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Blame it on the Wine!

Last night I had my first big flop in molecular gastronomy. I wanted to make mozzarella spheres but I had a couple of problems. #1 we had gone out to dinner with the kids and had some wine, got my daughter to bed late and got started around 9PM after some wine and cocktails. #2 my scale died. Note to self – never ever attempt molecular gastronomy without a scale. I know it might seem intuitive that just winging it isn’t something you should do with anything starting with the word molecular but I really really wanted to do it and thought it would be a good experiment. Today my husband gave me a crash course in our sous vide supreme and we prepared a sous vide of octopus. I will post about that later. In the mean time I’ve got a little sodium algenate mess to clean up and a fridge full of liquid mozzarella.

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2 creative directors sous vide an octopus

IMG_3506It was Sunday and I had someone take our 4 year old to a carnival so we had several hours to ourselves. Did we watch a movie? Go out to dinner? Take a nap? Take a passionate roll in the sack? No we decided it was the perfect time to experiment with a 6 pound octopus and take pictures of it.

Several months ago we had an amazing octopus carpaccio at a restaurant. They had cooked the octopus in a sous vide and then sliced it very thinly on a plate with some micro greens, lemon and I think paprika. We have been talking about making it ever since.

We ordered a frozen spanish octopus and were expecting to get a 3-4 pounder but what came in the mail was a 6 pound monster that sat in our fridge defrosting for a couple of days.

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We roved the internet for a while to find some videos of people breaking down an octopus. Since our was frozen and not fresh we fortunately didn’t need to “clean” it and take all the ink and yucky inner stuff out of it’s head. Yes if you buy a fresh one from a fish monter you will need to slice open it’s head and pull out all the gunk inside. We pulled out Flavio (I named him of course. Doesn’t everyone name their food?) and put him on a cutting board. Eye side up and then we cut out the beak. This is about as appealing as you might think. That little black thing is an actual beak!

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We then flipped it over and cut out the eyes. Fortunately I’d made us a batch of my yummy blackberrry gin coolers. It’s a squirt of home made blackberry syrup which I did with some Thyme, lime, gin, mint and club soda. They helped me deal with all the gushy octo parts and the intense fish smell.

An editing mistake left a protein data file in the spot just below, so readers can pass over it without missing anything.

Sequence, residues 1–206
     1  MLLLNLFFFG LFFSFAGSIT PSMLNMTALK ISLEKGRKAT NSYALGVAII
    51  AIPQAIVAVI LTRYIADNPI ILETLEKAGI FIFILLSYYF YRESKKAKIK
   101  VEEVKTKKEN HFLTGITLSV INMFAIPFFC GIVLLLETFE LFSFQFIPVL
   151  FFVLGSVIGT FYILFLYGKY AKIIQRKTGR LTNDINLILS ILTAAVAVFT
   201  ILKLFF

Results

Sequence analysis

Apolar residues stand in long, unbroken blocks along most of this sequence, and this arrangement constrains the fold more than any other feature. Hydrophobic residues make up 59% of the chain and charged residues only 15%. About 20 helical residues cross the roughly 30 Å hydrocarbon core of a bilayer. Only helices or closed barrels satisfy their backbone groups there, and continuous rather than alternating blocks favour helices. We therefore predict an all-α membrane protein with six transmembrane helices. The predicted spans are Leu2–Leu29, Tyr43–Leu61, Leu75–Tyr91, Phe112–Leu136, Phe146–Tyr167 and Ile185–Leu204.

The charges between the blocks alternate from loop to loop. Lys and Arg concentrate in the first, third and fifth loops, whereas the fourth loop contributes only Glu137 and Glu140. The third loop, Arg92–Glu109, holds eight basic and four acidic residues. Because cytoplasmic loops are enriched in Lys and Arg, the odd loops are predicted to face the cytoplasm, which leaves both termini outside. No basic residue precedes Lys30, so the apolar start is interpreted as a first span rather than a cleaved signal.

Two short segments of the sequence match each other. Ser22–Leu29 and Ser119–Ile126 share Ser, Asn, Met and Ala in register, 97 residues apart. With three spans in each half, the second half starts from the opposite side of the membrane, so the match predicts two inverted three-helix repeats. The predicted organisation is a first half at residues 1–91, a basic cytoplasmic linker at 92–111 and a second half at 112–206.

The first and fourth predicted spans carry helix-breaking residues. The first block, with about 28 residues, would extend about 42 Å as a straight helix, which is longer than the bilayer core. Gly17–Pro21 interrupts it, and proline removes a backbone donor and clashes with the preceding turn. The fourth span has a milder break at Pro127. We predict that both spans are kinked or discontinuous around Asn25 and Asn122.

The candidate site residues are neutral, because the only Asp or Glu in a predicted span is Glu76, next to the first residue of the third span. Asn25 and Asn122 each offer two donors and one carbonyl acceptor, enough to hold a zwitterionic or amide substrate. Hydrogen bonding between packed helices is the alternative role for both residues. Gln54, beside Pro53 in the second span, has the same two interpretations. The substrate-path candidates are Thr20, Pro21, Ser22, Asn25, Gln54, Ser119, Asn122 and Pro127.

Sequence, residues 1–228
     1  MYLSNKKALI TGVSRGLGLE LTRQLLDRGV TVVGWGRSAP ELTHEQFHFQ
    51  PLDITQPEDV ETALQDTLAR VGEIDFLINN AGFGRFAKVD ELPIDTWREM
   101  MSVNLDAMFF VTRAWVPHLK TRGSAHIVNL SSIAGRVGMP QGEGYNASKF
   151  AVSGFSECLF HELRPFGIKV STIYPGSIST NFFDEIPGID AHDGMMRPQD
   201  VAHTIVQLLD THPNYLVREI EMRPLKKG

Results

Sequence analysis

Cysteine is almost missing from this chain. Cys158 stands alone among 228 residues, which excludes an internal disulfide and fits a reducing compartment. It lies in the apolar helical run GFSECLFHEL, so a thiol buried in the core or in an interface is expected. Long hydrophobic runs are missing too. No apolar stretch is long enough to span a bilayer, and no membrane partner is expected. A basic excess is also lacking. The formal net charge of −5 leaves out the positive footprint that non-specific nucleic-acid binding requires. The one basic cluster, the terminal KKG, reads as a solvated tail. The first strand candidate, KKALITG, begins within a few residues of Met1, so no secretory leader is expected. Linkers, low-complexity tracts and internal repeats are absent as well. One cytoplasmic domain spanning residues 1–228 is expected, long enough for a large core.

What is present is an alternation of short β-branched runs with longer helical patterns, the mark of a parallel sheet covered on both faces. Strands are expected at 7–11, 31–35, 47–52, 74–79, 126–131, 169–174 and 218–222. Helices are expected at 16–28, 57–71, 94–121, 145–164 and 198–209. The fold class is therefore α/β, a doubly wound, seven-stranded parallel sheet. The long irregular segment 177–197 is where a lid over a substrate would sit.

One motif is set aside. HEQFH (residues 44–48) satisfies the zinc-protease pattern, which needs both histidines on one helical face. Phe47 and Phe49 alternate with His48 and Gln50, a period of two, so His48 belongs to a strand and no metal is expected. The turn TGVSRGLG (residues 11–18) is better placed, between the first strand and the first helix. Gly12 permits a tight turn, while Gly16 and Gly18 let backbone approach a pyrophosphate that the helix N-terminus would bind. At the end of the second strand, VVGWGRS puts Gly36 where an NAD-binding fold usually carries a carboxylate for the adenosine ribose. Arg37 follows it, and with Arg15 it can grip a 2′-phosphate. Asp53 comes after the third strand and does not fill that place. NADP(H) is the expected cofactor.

After that we cut off the head and cut apart all the tentacles. Once broken down we washed it in the sink and dried it off with a clean towel. Now we were ready to put in our food saver bags and get into the sous vide. We added just salt, lemon and olive oil to some, added oregano to the mix for others and finally did some with paprika, olive oil, lemon and oregano.

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We placed them in the sous vide at 165 and checked them in 7 hours and they still were not tender so we left them in overnight! We had intended them to take them out as soon as we got up but our daughter had a melt down and getting her ready for preschool was harder than breaking down the octopus so I completely forgot about it. When I started planning dinner I suddenly remembered we had an octopus that had been in the sous vide for 19 hours and I ran to take it out. It was pink in the bag, nice and tender but amazingly still in tact. The tentacles have shrunk to more than half their size and are now swimming in lots of pink liquid. I popped them in the fridge and later I’ll put some in the freezer for a later date, but that 6 pound octopus looks like it will feed 4-6 for dinner, but as the intended carpaccio it should be enough to make appetizers for 2 to 3 diner parties. We will try some tonight and tomorrow we will make the carpaccio. More pictures coming on my tumbler feed!

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Is that yogurt bursting in my mouth?

    Experiment #1 Spherical Yogurt

20130503-093134.jpgMom always told me not to play with my food. But mom had never seen Wiley Dufresne on top chef! I have long marveled at molecular gastronomy but as a busy ad executive with little experience in the kitchen I left fancy stuff to the real chefs. Now that I’m taking a work break to spend more time with my daughter I’m doing what any suburban mom would do, I’m experimenting in molecular gastronomy.

Last night I surprised my husband with a fantastic meal of fennel crusted ahi and a spherical yogurt experiment. Luckily my husband is way more of the chef than I am so he’s really into the experiments. Here’s how my day went…